Latencymon - I don't get it

Hi everyone,

Latencymon shows way better result for my old Surface Pro than it does to my newly purchased gaming laptop. Can someone please explain to me why this is the case and what it really means? I’m really not that good at computer technology.

The Surface Pro specs:
i5-4300 1.90GHz - 2.5GHz
4GB RAM
Windows 10 Home x64
No audio interface
I didn’t tweak anything in this machine for performance.

My new Dell 7577
i7-7700HQ 2.80GHz - 2.81 GHz ( I disabled Turbo Boost)
16GB RAM
Windows 10 Home x 64
Audiobox 22VSL
I did quite a few performance tweaks for this machine, most of which are listed on Steinberg website. I also disabled some unnecessary drivers, such as the NVIDIA graphic driver and Realtek Audio driver.

How does the high latency reported by Latencymon actually affect music production work on the Dell? Most of the time it hovers around 35-125 while occasionally peaking at 700-800, and as high as 2000. Does it mean I’ll be able to load less VSTs, or will experience pops and crackles, or something else? And is it low enough that I can stop worrying about it, or is there something wrong that I should investigate further?

Thanks for reading :slight_smile:


FWIW, here’s a thread with questions I had about Latency Mon answered by some pretty smart dudes: https://www.soundonsound.com/forum/viewtopic.php?f=20&t=2204&start=400&_=1500768000000&qt-forum_new=0

Thanks Alexis, I learn a lot from reading that thread, and also after watching this video from Native Instruments: https://www.youtube.com/watch?v=BnbfVFqkKOA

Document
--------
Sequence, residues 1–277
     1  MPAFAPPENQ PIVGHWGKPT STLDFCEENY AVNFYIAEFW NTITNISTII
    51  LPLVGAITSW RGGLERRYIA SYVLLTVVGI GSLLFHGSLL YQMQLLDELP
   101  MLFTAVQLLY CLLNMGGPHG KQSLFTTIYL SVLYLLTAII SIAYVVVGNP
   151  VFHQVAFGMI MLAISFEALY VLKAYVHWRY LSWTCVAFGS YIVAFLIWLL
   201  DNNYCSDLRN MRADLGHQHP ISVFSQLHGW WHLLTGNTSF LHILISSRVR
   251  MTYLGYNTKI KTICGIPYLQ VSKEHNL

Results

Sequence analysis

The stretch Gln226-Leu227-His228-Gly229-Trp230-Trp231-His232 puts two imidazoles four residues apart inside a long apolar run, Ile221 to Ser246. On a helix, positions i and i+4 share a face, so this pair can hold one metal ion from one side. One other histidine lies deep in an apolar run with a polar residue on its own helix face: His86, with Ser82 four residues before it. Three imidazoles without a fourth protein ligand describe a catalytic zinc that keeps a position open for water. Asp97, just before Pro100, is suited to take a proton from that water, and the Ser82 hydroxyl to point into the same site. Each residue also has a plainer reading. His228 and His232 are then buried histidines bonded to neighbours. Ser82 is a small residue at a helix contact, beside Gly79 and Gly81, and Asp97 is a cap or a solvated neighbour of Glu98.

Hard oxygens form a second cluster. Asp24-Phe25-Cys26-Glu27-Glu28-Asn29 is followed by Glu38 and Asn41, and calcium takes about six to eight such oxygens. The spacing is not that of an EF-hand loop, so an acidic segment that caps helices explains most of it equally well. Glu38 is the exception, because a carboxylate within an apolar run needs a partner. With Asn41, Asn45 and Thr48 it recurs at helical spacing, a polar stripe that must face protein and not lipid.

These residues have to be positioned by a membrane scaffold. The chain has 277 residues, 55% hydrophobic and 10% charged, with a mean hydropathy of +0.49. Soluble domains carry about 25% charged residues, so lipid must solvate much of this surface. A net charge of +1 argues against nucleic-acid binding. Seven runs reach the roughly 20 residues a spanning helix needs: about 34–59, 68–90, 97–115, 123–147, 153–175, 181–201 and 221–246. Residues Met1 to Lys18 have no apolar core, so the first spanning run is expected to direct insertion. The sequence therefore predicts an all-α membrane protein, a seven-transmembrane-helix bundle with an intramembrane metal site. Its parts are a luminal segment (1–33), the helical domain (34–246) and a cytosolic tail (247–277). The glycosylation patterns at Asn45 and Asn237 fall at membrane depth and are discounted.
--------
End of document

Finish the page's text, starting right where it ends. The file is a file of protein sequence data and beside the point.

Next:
I found out that my problem was caused by storport.sys. My guess is the Toshiba XG-5 drive I’m having is currently OEM only and doesn’t have any dedicated proprietary driver for it to run more effectively.

From actual working experience, I can say that Cubase runs pretty reliably for me at buffer size 512. So what exactly does the bad result from Latencymon mean? Does it only mean that if I run my audio interface at lower buffer size (64, 128), I’ll experience dropouts?

Amazing vid in your link - thanks!

(Should be a sticky here!)

Ideally, you want to run your latency no greater than a few milliseconds, as any more and you will start to notice the delay between when you generate a note and when you hear it, so you will want to run with the lowest buffer size that you can.

With a properly set up system (makes it sound like it is straightforward), you should be able to select the smallest buffer size.